Fundamentals of SQL Server 2012 Replication provides a hands-on introduction to SQL Server replication. The book begins with a short overview that introduces you to the technologies that make up replication. In the following chapters, the book will walk you through setting up different replication scenarios. All hands-on exercises are designed with security best practices in mind. When you're finished working through the exercises, you will be able to implement your own multi-server replication setup while following the principle of least privilege.

    Enjoy the book!

  • PASS Business Intelligence Virtual Chapter Upcoming Sessions (November 2013)

    Let me point out the upcoming live events, dedicated to Business Intelligence with SQL Server, that PASS Business Intelligence Virtual Chapter has scheduled for November 2013.


    The "Accidental Business Intelligence Project Manager"

    Date: Thursday 7th November - 8:00 PM GMT / 3:00 PM EST / Noon PST
    Speaker: Jen Stirrup

    • You've watched the Apprentice with Donald Trump and Lord Alan Sugar. You know that the Project Manager is usually the one gets fired
    • You've heard that Business Intelligence projects are prone to failure
    • You know that a quick Bing search for "why do Business Intelligence projects fail?" produces a search result of 25 million hits!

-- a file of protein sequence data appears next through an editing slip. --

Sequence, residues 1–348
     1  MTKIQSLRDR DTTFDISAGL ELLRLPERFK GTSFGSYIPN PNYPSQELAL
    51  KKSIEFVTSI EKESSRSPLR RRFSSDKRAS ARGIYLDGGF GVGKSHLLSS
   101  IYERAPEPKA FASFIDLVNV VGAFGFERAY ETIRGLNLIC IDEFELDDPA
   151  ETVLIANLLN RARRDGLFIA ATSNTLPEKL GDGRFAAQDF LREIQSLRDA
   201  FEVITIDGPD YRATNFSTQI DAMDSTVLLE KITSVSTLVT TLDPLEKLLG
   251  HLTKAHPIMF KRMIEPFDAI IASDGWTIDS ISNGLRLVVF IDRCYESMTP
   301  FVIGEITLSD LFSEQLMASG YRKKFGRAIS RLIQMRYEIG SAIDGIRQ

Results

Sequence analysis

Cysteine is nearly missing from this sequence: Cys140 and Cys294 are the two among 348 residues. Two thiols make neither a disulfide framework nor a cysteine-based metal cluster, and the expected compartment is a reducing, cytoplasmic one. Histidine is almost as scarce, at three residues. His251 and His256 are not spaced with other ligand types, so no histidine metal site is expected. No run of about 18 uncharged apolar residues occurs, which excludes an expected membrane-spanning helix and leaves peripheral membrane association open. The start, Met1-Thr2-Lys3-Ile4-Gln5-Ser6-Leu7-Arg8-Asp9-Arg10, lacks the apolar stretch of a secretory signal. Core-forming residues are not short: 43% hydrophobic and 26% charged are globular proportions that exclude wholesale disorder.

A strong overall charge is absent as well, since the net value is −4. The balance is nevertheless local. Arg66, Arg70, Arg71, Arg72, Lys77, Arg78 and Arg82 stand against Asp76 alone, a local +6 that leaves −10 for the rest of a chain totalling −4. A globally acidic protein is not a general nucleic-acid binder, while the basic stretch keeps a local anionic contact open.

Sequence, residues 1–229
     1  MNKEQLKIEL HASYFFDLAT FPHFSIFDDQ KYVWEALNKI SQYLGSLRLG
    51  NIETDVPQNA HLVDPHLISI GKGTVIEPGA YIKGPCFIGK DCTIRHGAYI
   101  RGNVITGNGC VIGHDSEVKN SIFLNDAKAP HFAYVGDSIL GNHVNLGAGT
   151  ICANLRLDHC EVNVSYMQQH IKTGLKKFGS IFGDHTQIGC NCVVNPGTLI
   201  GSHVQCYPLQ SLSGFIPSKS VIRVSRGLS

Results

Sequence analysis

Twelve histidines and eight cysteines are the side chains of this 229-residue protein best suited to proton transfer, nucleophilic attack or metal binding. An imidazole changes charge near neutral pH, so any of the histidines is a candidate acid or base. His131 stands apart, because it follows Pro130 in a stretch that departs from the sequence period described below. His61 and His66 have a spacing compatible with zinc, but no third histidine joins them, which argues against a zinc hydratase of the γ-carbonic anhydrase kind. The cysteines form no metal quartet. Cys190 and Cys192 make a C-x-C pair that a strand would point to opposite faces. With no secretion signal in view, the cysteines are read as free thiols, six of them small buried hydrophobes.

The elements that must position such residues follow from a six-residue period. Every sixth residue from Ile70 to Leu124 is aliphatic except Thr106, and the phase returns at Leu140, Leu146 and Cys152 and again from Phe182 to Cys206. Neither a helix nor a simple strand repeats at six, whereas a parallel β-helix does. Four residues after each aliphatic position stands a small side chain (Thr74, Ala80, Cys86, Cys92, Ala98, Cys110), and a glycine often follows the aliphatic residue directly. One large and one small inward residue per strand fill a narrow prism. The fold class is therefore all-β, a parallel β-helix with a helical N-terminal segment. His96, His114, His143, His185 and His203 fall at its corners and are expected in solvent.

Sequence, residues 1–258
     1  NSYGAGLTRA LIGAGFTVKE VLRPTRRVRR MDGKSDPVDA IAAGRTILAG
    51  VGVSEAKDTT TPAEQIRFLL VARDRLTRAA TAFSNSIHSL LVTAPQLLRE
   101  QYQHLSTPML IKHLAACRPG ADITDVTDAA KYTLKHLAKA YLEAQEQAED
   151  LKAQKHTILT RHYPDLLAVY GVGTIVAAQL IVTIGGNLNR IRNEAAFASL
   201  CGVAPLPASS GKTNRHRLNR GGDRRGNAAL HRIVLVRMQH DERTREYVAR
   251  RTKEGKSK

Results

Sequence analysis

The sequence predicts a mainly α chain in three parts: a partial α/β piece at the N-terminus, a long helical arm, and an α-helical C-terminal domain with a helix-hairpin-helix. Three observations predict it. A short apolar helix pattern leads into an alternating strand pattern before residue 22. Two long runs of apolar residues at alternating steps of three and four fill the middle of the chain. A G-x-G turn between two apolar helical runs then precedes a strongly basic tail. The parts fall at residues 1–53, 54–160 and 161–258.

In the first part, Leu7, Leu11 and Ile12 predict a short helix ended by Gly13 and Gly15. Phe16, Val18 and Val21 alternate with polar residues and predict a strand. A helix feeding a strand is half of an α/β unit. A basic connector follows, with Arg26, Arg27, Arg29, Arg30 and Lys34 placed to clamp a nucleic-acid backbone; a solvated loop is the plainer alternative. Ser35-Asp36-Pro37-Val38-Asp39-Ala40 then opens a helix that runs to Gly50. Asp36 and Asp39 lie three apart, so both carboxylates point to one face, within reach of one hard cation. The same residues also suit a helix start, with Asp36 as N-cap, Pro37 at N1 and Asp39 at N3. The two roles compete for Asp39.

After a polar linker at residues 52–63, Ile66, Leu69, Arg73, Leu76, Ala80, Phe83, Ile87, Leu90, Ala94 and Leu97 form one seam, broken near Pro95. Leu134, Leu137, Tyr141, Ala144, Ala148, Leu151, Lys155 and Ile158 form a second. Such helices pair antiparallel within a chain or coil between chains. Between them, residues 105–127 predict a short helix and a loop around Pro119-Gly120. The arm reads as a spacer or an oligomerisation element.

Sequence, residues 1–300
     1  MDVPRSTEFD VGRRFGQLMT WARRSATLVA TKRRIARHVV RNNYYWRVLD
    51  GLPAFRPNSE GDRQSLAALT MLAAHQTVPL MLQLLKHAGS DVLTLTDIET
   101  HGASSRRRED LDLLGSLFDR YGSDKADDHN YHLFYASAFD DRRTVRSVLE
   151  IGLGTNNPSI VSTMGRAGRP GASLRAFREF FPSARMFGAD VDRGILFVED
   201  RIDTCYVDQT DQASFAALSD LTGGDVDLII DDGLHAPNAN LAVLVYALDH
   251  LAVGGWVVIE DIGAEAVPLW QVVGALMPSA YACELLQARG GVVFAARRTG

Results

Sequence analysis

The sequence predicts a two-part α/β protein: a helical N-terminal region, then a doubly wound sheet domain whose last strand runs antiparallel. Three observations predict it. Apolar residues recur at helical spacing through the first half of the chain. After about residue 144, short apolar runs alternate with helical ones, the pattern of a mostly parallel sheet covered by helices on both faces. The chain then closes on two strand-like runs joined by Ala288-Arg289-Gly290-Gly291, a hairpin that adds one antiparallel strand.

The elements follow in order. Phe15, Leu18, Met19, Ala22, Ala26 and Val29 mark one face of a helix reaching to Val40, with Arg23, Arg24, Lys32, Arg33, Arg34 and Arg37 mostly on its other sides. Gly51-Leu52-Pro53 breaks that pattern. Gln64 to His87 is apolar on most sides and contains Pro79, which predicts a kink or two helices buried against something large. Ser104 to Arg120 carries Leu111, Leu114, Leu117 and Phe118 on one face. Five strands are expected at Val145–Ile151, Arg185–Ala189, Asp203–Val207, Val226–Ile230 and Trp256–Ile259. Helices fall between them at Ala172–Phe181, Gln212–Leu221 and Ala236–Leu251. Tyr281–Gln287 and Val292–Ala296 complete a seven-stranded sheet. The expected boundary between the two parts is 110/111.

• Despite all this… you're now Business Intelligence Project Manager – now what do you do?

    In this session, Jen will provide a "sparks from the anvil" series of steps and working practices in Business Intelligence Project Management. What about waterfall vs agile? What is a Gantt chart anyway? Is Microsoft Project your friend or a problematic aspect of being a BI PM? Jen will give you some ideas and insights that will help you set your BI project right: assess priorities, avoid conflict, empower the BI team and generally deliver the Business Intelligence project successfully!


    Dimensional Modelling Design Patterns: Beyond Basics

    Date: Tuesday 12th November - Noon AEDT / 1:00 AM GMT / Monday 11th November 5:00 PM PST
    Speaker: Jason Horner, Josh Fennessy and friends

    This session will provide a deeper dive into the art of dimensional modeling. We will look at the different types of fact tables and dimension tables, how and when to use them. We will also some approaches to creating rich hierarchies that make reporting a snap. This session promises to be very interactive and engaging, bring your toughest Dimensional Modeling quandaries.